Wednesday, May 19, 2004

Anderson's offshore opposition plaguing Campbell

VICTORIA - The BC Liberals may officially be neutral in the coming federal election, but many of them will be rooting for Environment Minister David Anderson to lose his Victoria seat.
Anderson is waging a one-man campaign against offshore oil and gas development in B.C., at least according to Premier Gordon Campbell.
Anderson claims to be open-minded. We just don't know enough to consider lifting the 30-year-old ban on development, he says.
But the provincial Liberals - and a lot of people from all parts of the political spectrum in coastal B.C. - are convinced that Anderson's position is a scam. They believe, with considerable justification, that the career politician is dug in on the issue, and no matter how much information is brought forward he's going to call for more.
Anderson dove into the offshore waters again this week. He sent a memo to all the nominated Liberal candidates advising them that until the "knowledge gaps on the risks involved, the resources at stake, and the economic and social factors that might have a bearing" are filled the ban stays put.
The BC Liberals have been getting increasingly frustrated with Anderson's position. They want the moratorium lifted now, to allow work by 2010.
Partly, they just think he's wrong. The provincial Liberals point to a recent Royal Society of Canada report as the latest in a string of studies that have concluded that with proper controls the moratorium could be safely lifted. And the Liberals note that around the world - from the deep waters off Newfoundland to the shallow banks around Scandinavia - development has gone ahead successfully.
The Liberals are also convinced that no amount of information would change Anderson's mind or remove his obstructionism.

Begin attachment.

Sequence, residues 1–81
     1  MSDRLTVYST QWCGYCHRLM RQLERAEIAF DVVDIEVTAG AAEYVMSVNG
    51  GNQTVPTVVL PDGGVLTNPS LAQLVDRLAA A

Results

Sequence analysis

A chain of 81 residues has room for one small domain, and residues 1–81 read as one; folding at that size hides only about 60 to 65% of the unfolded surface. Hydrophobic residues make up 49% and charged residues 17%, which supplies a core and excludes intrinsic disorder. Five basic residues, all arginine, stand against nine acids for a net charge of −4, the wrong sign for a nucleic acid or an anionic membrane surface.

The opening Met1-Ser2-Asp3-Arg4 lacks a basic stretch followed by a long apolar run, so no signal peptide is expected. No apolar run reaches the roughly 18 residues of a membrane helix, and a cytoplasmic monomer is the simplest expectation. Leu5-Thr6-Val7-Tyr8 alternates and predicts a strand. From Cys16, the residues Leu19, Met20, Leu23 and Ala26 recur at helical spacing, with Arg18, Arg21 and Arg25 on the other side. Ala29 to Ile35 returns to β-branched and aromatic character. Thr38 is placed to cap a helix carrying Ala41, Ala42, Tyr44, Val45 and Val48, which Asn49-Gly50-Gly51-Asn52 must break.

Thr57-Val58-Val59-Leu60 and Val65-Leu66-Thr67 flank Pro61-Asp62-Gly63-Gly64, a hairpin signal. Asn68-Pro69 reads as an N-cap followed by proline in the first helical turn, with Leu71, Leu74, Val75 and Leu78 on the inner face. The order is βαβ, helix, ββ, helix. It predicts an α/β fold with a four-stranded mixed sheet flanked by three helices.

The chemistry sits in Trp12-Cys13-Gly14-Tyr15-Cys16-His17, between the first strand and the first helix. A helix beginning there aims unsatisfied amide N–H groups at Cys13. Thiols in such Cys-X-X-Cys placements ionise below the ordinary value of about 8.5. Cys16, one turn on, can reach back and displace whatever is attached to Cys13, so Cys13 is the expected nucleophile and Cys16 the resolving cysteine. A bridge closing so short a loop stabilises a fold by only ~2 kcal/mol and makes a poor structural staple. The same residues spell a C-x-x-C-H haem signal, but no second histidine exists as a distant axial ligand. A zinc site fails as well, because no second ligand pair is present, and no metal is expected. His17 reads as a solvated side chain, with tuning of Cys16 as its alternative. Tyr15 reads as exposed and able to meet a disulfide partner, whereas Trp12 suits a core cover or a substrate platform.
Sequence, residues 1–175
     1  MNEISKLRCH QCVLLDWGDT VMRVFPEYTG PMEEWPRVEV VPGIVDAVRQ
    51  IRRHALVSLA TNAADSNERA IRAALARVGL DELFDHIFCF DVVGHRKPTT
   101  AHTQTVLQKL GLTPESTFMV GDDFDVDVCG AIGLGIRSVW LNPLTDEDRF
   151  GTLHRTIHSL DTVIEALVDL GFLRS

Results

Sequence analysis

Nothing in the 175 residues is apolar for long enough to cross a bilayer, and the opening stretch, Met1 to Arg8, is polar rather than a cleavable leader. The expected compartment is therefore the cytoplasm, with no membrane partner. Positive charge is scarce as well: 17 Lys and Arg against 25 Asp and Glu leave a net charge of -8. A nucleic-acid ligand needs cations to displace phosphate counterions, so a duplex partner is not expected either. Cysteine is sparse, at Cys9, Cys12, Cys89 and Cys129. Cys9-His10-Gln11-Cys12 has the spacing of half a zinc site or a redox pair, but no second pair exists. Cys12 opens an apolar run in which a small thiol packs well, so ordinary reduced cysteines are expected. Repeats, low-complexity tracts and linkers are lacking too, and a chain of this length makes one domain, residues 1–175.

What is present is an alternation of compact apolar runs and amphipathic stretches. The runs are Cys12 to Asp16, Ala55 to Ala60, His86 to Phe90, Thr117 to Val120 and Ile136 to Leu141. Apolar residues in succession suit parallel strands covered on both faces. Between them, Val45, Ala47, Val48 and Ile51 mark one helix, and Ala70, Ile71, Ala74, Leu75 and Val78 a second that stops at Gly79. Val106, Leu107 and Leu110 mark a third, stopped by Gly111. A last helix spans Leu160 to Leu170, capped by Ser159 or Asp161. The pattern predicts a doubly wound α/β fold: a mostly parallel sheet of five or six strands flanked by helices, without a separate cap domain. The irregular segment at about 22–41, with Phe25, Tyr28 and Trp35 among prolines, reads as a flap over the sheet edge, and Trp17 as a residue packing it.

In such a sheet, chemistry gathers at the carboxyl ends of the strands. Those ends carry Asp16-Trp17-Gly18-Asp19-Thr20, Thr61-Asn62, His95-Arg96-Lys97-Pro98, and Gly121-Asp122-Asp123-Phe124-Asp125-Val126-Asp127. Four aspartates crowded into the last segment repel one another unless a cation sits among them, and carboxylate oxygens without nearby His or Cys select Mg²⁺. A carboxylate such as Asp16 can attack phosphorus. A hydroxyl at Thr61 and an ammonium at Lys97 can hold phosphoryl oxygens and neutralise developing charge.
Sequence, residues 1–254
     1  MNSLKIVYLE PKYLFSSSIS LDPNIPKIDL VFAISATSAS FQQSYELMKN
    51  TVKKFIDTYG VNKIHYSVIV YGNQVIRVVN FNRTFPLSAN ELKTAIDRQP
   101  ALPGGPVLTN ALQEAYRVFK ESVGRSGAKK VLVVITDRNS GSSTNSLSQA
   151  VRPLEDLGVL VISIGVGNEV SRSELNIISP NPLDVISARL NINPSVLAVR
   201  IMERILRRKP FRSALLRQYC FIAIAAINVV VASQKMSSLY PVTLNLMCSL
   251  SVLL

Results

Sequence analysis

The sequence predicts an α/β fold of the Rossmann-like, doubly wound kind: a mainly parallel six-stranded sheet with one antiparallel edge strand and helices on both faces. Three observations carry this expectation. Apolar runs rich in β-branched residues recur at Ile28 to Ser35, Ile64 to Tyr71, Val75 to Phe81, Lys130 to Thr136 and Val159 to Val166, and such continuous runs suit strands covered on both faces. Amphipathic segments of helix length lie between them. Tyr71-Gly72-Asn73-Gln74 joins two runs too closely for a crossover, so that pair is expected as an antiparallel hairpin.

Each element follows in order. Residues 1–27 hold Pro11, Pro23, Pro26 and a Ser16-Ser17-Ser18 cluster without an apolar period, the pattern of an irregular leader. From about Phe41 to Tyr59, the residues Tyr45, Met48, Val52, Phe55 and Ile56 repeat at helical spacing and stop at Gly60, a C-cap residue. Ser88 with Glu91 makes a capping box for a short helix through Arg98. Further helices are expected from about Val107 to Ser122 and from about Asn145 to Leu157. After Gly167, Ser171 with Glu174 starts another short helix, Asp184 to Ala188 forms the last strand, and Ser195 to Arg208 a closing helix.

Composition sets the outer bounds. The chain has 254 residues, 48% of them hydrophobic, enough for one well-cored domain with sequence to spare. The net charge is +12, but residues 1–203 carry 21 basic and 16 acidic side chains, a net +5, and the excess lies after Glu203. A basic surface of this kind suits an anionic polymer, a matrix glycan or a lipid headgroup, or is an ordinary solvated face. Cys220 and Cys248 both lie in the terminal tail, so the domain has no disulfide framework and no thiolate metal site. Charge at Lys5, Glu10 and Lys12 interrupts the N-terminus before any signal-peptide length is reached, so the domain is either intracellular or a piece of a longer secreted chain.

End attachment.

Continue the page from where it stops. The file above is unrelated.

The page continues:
It's a reasonable conclusion, based on his statements and actions. If Anderson is concerned about the "knowledge gaps," it is well within his ability to address them. Instead of sniping at the province, he could commission the studies he believes are needed to determine if offshore development is possible.
The comments from BC Liberals like Energy Minister Richard Neufeld are getting increasingly cranky about Anderson.
Campbell says he's getting much more positive comments from other federal Liberals, including Prime Minister Paul Martin.
But there's no sign of their briefing notes to Liberal candidates offering an alternative to Anderson's negative comments on the possibility of offshore oil and gas development any time soon. They haven't rebuffed Anderson's attempts to downplay the significance of the federal panel now holding hearings on the issue. He's the one speaking for the federal government, and he's saying no.
Offshore oil and gas development is going to be an emotional, controversial issue. And federally and provincially, it involves lots of political risks.
But the evidence, based on independent studies on the B.C. issues and the industry's global track record, increasingly indicates that safe development, under appropriate regulations, is possible.
The potential is enormous. The reserves are estimated at 9.8 billion barrels of oil, a resource worth some $110 billion. That's 10 times the size of the Hibernia field that has brought an offshore boom to the East Coast.
Coastal communities need the help. The coastal forest industry continues to struggle, the fishery has been through a decade of decline and even tourism has failed to recover. Offshore oil is seen as one of the last best hopes for a number of desperate communities.
Campbell is going to get that message again next week, when he heads to the northwest for a joint cabinet meeting with Alberta Premier Ralph Klein in Prince Rupert. The premier's agenda will include some fundraisers and other activities in the region. He's going to hear a lot about the region's economic crisis.
Offshore energy isn't the only answer. And even with federal co-operation, the 2010 timeline is probably unrealistic.
But it does offer huge potential benefits. And as long as Anderson is speaking for Ottawa, any chance of progress seems remote.
Footnote: Opposing any offshore development makes sense politically for the federal Liberals. They have no realistic chance of winning seats in B.C.'s regions, but hope for success in Vancouver and Victoria. But the economic problems - and sense of alienation - in the rest of B.C. will be worsened if they have to live with policies shaped to please people who live in the big cities.

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